As the three children huddled around me, we started praying and then singing. I only remember one of the songs, “God knows the way through the wilderness, all we have to do is follow.”

After an hour or so the Communist leaders lectured us. We were told we could stay there that night, but were to leave the next day. They said I could return to my house. What a mess it was, but Gerry was safe I Thank You Father! All of our books were in a heap in the middle of our living room. On top of them was my Bible opened to Zechariah g:12. The very first words I read were, “Ye prisoners of hope, even today do I declare I shall render double unto thee.” As I finished reading that page it ended with Zechariah 10:12 which said, “l will strength- en them in the Lord and they shall walk up and down in my name saith the Lord.” No one buy God could have chosen these verses to comfort me and my children that night! Even the children understood that God was showing us how Daddy was a prisoner of hope, not a Communist prisoner.

Though God gave me these verses I would not be telling the truth if I said I never feared. Fear did come into my heart. I know fear is real, is it not? We all face it at times. The greatest fear was for my children. Even after we left the leprosarium and were in Banmethuot they would say, “Mom, what if the Communists come back to take you?”

“No,” I would say, “Don’t worry! They don’t want me or they would have taken me with Daddy.”

That would comfort them and they would go off to sleep. But I did not sleep. I would wonder, “Are my children really happy here or do they hate being kept here? Maybe they will hate these people we are working with or hate me for making the decision to stay.” I started fearing this would happen.

But again the Lord brought me comfort. I found in the Word many verses on fear, but two really jumped out to me. First John 4:18, “There is no fear in love, but perfect love casteth out fear” and Second Timothy 1:7 “God hath not given us the spirit of fear; but of power, of love, and of a sound mind.”

In both of these verses I saw not only the word fear but love too. This was what I needed and what I cried out to God for that night. His love seemed to flood my heart. All praise to Him-those fears left me. What release!

I was able even to thank God in the midst of pain and distress and reach out to those around me who needed to be delivered from fears too. When living in fear, we cannot be a help to others.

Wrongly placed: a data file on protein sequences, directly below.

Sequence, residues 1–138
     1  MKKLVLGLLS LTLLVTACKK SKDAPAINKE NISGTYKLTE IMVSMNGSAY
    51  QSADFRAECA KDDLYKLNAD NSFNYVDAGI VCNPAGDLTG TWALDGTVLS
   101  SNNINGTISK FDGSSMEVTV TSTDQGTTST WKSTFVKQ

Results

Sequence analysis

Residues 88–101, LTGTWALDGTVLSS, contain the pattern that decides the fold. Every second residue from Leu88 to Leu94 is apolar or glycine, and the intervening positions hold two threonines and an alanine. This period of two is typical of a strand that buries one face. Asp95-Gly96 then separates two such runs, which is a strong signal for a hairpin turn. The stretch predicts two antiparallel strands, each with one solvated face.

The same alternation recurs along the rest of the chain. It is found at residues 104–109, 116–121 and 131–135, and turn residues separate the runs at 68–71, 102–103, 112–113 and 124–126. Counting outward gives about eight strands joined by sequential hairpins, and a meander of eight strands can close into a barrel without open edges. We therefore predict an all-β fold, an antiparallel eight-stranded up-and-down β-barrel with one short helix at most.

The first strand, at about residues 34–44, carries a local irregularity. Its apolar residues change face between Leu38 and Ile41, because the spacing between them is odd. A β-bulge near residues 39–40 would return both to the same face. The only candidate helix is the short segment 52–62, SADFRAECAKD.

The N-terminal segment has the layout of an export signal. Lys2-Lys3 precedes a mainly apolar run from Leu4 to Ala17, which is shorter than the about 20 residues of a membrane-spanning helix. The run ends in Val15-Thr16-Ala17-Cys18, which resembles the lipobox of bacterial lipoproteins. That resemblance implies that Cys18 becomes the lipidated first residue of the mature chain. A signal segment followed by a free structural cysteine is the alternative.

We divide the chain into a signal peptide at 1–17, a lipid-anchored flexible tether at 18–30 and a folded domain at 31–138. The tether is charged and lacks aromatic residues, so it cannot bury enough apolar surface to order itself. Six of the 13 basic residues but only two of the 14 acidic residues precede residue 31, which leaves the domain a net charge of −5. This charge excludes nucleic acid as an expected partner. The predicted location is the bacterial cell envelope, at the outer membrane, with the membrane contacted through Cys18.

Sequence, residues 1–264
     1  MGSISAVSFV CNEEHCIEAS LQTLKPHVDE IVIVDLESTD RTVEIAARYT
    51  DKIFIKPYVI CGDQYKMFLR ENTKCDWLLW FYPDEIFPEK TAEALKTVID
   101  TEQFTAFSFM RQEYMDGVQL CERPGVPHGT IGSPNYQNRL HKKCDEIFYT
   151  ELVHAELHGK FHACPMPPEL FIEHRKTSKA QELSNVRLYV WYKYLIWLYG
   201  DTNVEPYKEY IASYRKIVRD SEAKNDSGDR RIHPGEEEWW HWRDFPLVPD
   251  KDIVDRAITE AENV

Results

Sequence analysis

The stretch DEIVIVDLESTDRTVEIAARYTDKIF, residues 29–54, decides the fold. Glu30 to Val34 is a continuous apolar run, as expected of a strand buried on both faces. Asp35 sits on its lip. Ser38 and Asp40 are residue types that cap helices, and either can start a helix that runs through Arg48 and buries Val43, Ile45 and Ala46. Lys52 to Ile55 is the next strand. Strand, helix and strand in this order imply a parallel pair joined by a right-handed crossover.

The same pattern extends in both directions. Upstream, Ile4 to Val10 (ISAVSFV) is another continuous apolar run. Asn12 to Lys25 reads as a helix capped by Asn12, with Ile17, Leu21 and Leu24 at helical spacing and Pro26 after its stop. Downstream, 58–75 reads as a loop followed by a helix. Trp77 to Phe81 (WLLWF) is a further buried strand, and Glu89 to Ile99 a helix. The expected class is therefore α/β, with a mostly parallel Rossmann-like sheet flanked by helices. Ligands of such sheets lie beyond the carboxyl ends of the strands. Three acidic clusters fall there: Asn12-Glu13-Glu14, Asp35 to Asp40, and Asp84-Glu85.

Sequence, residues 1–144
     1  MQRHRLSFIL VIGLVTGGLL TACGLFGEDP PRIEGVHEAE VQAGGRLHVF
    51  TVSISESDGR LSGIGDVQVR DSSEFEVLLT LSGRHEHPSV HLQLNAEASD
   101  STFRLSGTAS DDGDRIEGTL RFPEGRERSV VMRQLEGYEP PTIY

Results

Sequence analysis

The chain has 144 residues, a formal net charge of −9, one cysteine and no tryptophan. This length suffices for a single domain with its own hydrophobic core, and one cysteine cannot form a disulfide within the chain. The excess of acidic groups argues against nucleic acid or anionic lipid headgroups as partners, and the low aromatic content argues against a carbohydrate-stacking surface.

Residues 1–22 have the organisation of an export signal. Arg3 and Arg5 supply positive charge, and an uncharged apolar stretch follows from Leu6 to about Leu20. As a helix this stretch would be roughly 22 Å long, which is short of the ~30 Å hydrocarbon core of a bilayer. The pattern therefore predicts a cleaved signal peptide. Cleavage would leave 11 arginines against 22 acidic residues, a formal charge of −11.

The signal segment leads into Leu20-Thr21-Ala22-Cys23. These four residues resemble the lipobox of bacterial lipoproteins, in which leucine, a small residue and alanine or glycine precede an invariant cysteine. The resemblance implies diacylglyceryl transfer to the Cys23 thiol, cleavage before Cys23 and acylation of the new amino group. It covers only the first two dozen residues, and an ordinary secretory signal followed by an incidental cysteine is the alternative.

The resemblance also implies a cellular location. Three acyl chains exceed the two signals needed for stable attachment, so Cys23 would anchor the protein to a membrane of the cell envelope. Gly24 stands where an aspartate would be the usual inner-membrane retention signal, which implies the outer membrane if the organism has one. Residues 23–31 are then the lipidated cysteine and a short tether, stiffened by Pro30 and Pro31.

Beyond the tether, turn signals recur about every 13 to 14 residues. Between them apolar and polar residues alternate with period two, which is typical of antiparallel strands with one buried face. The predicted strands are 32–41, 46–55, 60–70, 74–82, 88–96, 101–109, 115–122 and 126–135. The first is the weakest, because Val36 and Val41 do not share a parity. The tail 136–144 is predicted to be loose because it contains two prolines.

My relationship to the tribal people around Banmethuot now changed. Before they would say, “You don’t really understand us, because you are Americans and can leave when things are difficult. We can’t. This is our country, we must stay and suffer all these persecutions from the Communists.” Now they knew I understood some of those hardships and I was accepted. They even invited me to wear their tribal dress (the long black sarong skirt and blouse).

It was such a joy to be able to share His love in their language and see lives changed as they received that love. Many of those people could not read or write, but they could understand His love.

One dear lady told me, “You know why I started listening to you?” “No,” I said. “Well,” she told me, “l was watching you and I saw how faithfully you came to our village, even in the rains and your car slid in the ditch. So I thought this must be something very important you had to share. So I came to hear and I saw God’s love. He lives in me too now.” Praise Him! God even used my sliding in a muddy ditch to speak to a heart.

God opened the way through a Christian teacher for some of us to start Bible studies in the big government school in Banmethuot. This was a great opportunity to reach children from villages where we could not go. Many children received Christ as Savior. We would encourage them right away to share before their peers what they had done. Those who did and were not ashamed of Him were the ones who stood more faithfully for Him. Some even would ask to take the flashcard stories to their villages to share with their families and friends. A number of little groups of believers were started through these students’witness.

After the revival in the early’70’s, Sunday afternoons were always set aside for witnessing. We would meet at the church for prayer then divide into groups. Many times there would be as many as nine groups. One group was always left at the church to pray for those of us going out to villages around Banmethuot.

At the evening service, one person from each group would share what had happened. There were times of difficulties and persecution, but always times of rejoicing because His Word was being shared. Almost every week there would be someone who had prayed for salvation.

Because of the revival fires in our area there were more students in Banmethuot training to become pastors at the Bible school. This was a very challenging job. lt was so great to be a little part in training tribal pastors so they would be better prepared to be His witnesses and workers in their villages or wherever He called them to go.